The number of recognized show breeds that have defined, inherited characteristics has increased dramatically since the late 1950s as cats have become more popular home companions. The 30 to 40 distinctive breeds can be grouped into two general categories: the long-haired Persian and the domestic shorthair.

Almost everyone recognizes the words Siamese, Manx, and Persian as the names for certain breeds of cats. Until about a century ago, however, these terms had little meaning. Domestic cats bred freely as they spread through various parts of the world. As a result, cats of almost infinite varieties of sizes, shapes, and colors came into being. Some cat owners liked the qualities of certain strains and wanted to perpetuate them. They interbred the cats with the desired qualities, and, when these qualities continued to appear in generation after generation of cats (that is, when they bred true or pure), a new breed was established.

Cat breeders today follow essentially the same pattern. They consider a strain that breeds true for four generations a purebred, and proof of this true breeding is necessary before a new breed becomes accepted. Full-color illustrations show the breeds most widely accepted in the United States. Cat fanciers in other parts of the world may recognize different breeds.

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Differences in Body Type

Perhaps the most easily identifiable differences among the various breeds of domestic cats are in the length and color of the coat and in the variations of eye color. The majority of cats that are not purebred have short hair. Those with long hair have acquired it as the result of the crossbreeding of their ancestors with purebred long-haired cats. The body form of nonpurebreds varies from slender, rangy types with somewhat elongated heads to stocky, thickset animals with short heads that are somewhat like those of the Persian cats. These differences in body type are most pronounced among the various pure breeds, ranging from slender Siamese to stocky longhairs.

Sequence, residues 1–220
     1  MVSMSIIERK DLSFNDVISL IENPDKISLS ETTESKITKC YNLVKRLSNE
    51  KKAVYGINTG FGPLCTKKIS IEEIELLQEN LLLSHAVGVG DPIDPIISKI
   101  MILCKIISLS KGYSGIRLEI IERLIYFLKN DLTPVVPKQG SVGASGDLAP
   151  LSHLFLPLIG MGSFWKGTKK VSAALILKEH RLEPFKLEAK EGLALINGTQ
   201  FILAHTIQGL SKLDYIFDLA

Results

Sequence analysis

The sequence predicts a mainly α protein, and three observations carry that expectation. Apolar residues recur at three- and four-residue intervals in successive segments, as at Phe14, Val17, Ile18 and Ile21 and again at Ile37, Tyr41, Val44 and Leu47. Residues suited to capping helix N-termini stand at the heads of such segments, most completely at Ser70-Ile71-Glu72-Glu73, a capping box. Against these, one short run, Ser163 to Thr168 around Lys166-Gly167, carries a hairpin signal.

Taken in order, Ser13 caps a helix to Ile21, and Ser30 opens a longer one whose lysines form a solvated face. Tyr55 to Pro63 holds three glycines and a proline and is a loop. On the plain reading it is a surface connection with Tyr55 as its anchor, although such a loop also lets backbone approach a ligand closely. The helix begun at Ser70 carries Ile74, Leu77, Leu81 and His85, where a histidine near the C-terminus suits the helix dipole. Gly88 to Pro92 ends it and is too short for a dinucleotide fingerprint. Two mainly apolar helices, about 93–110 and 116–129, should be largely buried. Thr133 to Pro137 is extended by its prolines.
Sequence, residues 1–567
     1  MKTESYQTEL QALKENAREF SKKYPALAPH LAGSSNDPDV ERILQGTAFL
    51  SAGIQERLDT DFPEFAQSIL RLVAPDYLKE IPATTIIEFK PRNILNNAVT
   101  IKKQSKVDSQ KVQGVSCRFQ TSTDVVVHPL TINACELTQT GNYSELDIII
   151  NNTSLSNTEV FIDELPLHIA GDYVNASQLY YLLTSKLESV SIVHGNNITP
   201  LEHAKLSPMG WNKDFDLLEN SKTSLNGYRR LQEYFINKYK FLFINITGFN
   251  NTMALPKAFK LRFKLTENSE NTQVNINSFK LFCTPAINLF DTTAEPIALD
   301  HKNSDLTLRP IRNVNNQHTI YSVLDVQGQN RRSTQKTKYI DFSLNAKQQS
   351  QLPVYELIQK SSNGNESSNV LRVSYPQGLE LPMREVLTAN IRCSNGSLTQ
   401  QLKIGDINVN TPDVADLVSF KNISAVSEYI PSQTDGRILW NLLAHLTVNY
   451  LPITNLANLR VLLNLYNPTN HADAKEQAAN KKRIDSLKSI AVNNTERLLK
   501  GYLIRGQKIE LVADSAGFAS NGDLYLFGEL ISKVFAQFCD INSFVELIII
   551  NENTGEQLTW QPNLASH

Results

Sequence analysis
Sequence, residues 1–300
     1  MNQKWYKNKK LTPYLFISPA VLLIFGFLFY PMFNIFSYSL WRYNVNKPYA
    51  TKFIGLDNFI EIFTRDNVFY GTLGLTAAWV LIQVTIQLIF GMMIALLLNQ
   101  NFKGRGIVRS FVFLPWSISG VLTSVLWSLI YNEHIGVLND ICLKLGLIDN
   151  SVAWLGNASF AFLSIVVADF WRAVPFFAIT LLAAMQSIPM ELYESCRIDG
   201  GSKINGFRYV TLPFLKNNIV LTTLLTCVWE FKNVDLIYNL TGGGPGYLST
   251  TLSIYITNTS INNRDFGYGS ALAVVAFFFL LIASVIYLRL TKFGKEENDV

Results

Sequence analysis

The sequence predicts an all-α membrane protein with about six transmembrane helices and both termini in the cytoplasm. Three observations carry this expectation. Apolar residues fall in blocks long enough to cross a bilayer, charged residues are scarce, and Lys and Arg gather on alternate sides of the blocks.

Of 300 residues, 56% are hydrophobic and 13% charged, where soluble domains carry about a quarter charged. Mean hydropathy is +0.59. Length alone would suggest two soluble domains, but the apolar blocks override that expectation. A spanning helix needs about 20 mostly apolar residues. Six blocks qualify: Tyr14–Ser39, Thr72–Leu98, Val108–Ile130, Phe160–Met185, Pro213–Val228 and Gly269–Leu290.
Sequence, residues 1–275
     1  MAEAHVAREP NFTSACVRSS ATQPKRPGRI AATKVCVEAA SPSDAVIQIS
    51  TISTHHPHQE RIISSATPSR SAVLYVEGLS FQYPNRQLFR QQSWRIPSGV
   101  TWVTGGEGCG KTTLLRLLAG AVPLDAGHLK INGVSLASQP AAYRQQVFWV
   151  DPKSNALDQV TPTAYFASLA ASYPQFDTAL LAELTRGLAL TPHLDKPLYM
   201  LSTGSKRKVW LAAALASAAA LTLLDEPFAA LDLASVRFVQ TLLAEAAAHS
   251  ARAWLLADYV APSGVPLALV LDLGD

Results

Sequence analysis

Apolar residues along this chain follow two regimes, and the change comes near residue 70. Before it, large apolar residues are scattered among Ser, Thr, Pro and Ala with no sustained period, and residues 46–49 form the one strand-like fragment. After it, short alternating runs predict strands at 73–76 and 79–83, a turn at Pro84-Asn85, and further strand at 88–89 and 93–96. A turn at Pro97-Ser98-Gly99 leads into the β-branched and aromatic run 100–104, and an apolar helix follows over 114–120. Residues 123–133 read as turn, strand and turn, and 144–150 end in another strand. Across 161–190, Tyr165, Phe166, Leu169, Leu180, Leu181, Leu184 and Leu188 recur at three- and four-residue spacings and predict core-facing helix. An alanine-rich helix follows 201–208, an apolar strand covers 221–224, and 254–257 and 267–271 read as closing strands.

Breed Colors

Among the cats that are not purebreds, the brown striped and blotched cats most closely resemble their wild African and European ancestors. This striped and blotched pattern--properly called tabby, but popularly known as tiger--occurs in various shades. Among these are red (orange), cream, blue (gray), brown, silver, and smoke. Solid white is the rarest, though genetically it is dominant over other colors. Solid black and solid blue are relatively rare. Almost without exception, the solid blacks have a few white hairs under the throat and shoulder. The solid colors occasionally show faint striping on the legs and tail. Many cats have white markings. Some of these are handsomely symmetrical, but others are distributed irregularly and sometimes create a quaint or even comical effect.

Black-and-orange cats are called tortoiseshells. Blue-creams are a "diluted" version of black and orange. When white markings are also present, the cats are said to be tricolors, calicoes, or "money cats." The black-orange (or blue-cream) color-determining genes are linked to the female sex chromosomes. For this reason tortoiseshell males and tricolor males are produced only as the result of abnormal chromosome arrangements that occurred in one or both parents. Such abnormal arrangements often lead to infertility, and the males may not be able to reproduce. In other words, tortoiseshells and tricolors of breed standards are very difficult to produce by controlled breeding.

Breed Organizations

Recognition and acceptance of a breed usually must come from an established group of cat fanciers. Groups of breeders and other persons interested in showing cats have formed organizations to establish rules for shows and standards by which cats can be judged at the shows. They also keep stud books and validate the registration papers needed for purebred cats. In most countries there is only one organization that acts as the governing body. In the United States there are many, each of which sets its own judging standards and rules. The two largest of these are The Cat Fanciers' Association and the American Cat Fanciers Association. The International Cat Association has headquarters in the United States.

In most parts of the United States there are many organizations to which persons interested in cats may belong. Some of these are affiliated with national associations, but many are strictly local clubs that invite the participation of anyone in the neighborhood. Membership in the large clubs usually consists chiefly of breeders and owners of purebred cats. Such organizations serve as clearinghouses for disseminating information about specific breeds, giving members advice about breeding methods, and helping establish standards for breeds. Most of the organizations conduct shows in which competitions for championships are held. Cat fanciers take their animals to vie with others in their breed or class for top honors. Nonpurebred cats may also be shown in the household-pet class. These cat shows are extremely popular, and in a large one there may be more than a thousand cats entered for competition.

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